6. I think I would have rather been there than at the conversation this year. Our two philosophers were great, I think that there’s only so much value for the Church in what they are doing – but sometimes it’s just nice to chew on something without have to demand immediate practical benefit to it. I didn’t much like the “conversation” element of it this year, though – it seemed to be lacking. That, and I’m not sure that I want to unleash deconstruction on the world though a lot of the folks who were there. It’s a bit like my (brief) sojourn at Westminster – presuppositionalism was all the rage and I thought it was very cute and clever, but I shuddered to think of most of the folks there actually trying to use it.

    By contrast, you seem to have had a much more intense encounter and both you and Len came appreciating each other more than when you went in.

  7. Yeshua is political…he just doesn’t own our politics.

    Those who think Yeshua, like every Jew in his homeland, did not have a political message are perhaps “disengaged” from the historical picture. Are just being lazy students. Are perhaps interjecting their narratives into the text…Those who think Jesus wasn’t interjecting himself into an environment where his every move was read politically should perhaps be reading Randy Buth and Brian Kvasnika’s article in Jesus’ Last Week:
    https://www.eisenbrauns.com/ECOM/_22M0LKZEC.HTM

    Yeshua DID arm his followers against Rome (and in one occassion literally). The argument should be rather about tactic.

  8. Sorry I missed this interchange. Much more substantial than my one conversation with Leonard Sweet, in which he told me U2’s (then) recent performance of “Elevation” on Saturday Night Live would change the dynamics of live performance forever, to which I responded, “Really? Cool!” while trying frantically to recall what was so special about the performance.

    I saw it reruns later; it was pretty, uh, Sweet. H

    ope you’re well, Anthony. Tamara just signed a contract with IVP, BTW. Thanks for connecting us.

  9. I got into a similar argument with him a month or so ago when he came to give a talk at Solomon’s Porch in Minneapolis. Before the talk, we were sitting at dinner. In explaining to him what I do, I casually mentioned that my church is becoming Mennonite. He seemed to react strongly to such an idea saying, “Mennonites hate culture.” That led into a short argument of sorts about Hauerwas. I tried to tell him that he gets Hauerwas “all wrong.” When I told him what Hauerwas thinks he said: “That doesn’t sound like Hauerwas, that sounds like SWEET.”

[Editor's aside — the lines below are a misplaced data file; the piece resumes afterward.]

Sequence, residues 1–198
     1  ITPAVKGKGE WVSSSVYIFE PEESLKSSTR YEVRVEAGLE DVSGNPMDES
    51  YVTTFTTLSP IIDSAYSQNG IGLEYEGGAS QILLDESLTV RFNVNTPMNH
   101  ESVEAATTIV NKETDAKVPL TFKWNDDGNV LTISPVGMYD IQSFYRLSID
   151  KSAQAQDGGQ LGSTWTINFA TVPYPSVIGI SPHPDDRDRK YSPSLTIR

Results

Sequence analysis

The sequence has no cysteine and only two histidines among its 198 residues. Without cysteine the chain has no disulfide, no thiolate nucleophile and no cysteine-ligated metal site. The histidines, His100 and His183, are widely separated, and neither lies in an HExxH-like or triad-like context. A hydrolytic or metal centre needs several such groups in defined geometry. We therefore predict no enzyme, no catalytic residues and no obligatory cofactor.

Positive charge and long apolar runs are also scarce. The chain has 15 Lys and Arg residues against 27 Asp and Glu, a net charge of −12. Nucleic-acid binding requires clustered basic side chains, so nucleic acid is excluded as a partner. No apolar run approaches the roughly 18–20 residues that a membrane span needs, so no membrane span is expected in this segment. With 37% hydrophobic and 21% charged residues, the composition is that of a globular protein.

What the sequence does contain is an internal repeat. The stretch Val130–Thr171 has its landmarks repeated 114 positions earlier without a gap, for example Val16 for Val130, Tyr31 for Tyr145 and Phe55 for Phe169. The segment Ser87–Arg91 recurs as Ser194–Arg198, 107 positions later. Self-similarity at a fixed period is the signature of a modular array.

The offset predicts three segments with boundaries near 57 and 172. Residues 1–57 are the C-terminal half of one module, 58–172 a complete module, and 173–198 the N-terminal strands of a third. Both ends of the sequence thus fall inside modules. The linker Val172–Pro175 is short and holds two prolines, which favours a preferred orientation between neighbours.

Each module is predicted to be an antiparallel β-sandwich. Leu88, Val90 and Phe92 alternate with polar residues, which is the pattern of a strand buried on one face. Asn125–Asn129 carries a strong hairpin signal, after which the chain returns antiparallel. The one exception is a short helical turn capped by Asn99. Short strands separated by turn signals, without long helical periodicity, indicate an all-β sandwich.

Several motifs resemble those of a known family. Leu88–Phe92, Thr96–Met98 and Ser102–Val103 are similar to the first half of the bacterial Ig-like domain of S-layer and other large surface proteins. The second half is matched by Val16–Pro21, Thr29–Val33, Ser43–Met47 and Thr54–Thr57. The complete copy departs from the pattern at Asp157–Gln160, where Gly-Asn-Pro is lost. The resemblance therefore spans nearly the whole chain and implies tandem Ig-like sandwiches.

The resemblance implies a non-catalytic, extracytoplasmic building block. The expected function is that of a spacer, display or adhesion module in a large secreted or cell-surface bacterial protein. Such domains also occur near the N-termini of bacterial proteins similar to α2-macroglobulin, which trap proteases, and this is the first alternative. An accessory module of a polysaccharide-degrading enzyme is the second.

Needless to say, he just doesn’t like the whole “Politics of Jesus” thing. In his talk he said that even Paul didn’t care much about Jesus’ teachings. Seriously.

  10. Yes, I agree with you Anthony, on what I understand on that. Politics is part of the whole that God in Christ comes to redeem. And really, I don’t see how one can look at the kingdom of God come in Christ as apolitical. Certainly it’s not in the same league as Democratic or Republican for which I’m thankful. Yet it’s meant to impact all on this earth, even now, which should go without saying. And I’m sure Len Sweet agrees with all of that. I scratch my head in wondering what he really means when he doesn’t like Jesus attributed as a political revolutionary, unless he feels Jesus’s way is made to look like some liberation theological way, or something like that. Though what Jamie says is too a point well taken.

  11. Would have liked to have heard more. Because it is an interesting question.

    If two people see God’s Word as political, but see that meaning two different things. How do you live when one of those people get in power? We have lots of examples of that not turning out well, including our current american experiment with quasi theocracy.

    One response is to attempt to de-politicize the Word, so that it never has a power which can be abused.

    Or, another response is to find something else, that would allow me to hold power, to understand Jesus as a revolutionary, and not to use that power to marginalize or destroy.

    That’s the thing worth wondering about. Because the pendulum will swing, and it would be a miracle worth writing about if, when it swung, we didn’t just trade places with the enemy.

    Has anything like that ever been seen? What would it be like?